Levels and Transport of PBDES and Alternative Brominated Flame Retardants in Air and Seawater from the Arctic to the Antarctica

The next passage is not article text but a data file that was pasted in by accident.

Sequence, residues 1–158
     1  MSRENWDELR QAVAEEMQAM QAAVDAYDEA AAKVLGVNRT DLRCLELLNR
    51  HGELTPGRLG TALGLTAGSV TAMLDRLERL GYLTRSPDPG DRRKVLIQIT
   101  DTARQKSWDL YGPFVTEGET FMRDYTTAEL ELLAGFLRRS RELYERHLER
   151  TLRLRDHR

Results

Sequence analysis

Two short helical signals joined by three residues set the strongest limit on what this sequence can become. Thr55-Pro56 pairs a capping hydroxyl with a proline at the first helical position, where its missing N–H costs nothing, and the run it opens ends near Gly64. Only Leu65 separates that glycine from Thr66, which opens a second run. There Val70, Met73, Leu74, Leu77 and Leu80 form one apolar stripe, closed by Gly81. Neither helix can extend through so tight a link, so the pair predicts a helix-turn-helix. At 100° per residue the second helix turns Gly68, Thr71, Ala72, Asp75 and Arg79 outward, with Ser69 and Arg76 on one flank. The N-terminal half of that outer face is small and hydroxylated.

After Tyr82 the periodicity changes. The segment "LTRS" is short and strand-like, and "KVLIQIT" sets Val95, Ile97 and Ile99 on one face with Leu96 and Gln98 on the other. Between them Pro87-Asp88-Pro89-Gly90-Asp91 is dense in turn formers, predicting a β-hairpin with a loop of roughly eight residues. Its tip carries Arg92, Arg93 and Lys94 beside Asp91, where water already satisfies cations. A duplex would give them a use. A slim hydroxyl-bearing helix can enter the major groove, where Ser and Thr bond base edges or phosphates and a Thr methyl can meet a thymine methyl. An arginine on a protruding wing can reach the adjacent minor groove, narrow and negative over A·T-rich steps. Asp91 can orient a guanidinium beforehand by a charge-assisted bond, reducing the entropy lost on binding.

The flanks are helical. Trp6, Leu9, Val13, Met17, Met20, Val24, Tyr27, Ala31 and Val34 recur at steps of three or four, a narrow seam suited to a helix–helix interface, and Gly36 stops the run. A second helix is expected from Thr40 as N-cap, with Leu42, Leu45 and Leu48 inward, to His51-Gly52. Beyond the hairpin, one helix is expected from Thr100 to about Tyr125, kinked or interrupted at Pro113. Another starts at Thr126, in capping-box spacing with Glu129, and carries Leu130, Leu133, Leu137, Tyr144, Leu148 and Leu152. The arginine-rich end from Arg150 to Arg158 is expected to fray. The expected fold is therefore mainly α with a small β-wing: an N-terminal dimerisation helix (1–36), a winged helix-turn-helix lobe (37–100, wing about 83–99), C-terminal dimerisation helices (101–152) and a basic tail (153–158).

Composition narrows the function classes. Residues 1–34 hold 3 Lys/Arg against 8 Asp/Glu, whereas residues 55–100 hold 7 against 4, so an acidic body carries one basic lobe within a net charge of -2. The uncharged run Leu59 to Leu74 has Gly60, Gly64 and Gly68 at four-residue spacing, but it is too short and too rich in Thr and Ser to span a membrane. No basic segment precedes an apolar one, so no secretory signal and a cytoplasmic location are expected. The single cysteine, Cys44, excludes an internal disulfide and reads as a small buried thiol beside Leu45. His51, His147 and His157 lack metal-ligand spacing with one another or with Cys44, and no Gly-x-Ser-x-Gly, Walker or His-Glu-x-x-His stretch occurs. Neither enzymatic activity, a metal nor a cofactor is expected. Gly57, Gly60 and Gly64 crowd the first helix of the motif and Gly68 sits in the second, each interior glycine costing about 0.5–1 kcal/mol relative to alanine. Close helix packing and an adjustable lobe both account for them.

Brominated flame retardants (BFRs) have been used for more than 50 years to reduce the flammability of various industrial and commercial products like plastics, textiles and furniture. Polybrominated diphenyl ethers (PBDEs), which are currently the most well studied BFRs, are known to be toxic, bioaccumulative, persistent and undergo atmospheric long-range transport1; 2. As a result of their excessive use and long-range transport potential, they have been found worldwide in various environmental compartments with an increasing temporal trend, even in remote areas like the Arctic3; 4. Therefore, PBDEs have been regulated or banned by national and international regulations. Recently, tetra-heptaBDEs were included in the Stockholm Convention on Persistent Organic Pollutants (POPs)5. This leads to increasing demand and usage of “new” non-regulated BFRs such as hexabromobenzene (HBB) and 1,2-bis(2,4,6-tribromophenoxy)ethane (BTBPE) as replacement products which have already been found in organisms from the Arctic6; 7. Despite their occurrence in marine biota, abiotic levels and transport pathways in the marine environment are unknown. Here we present the occurrence and distribution of several non-PBDE BFRs and the most common PBDEs in air and surface water from the Eastern Greenland Sea in the high Arctic to the Antarctica.
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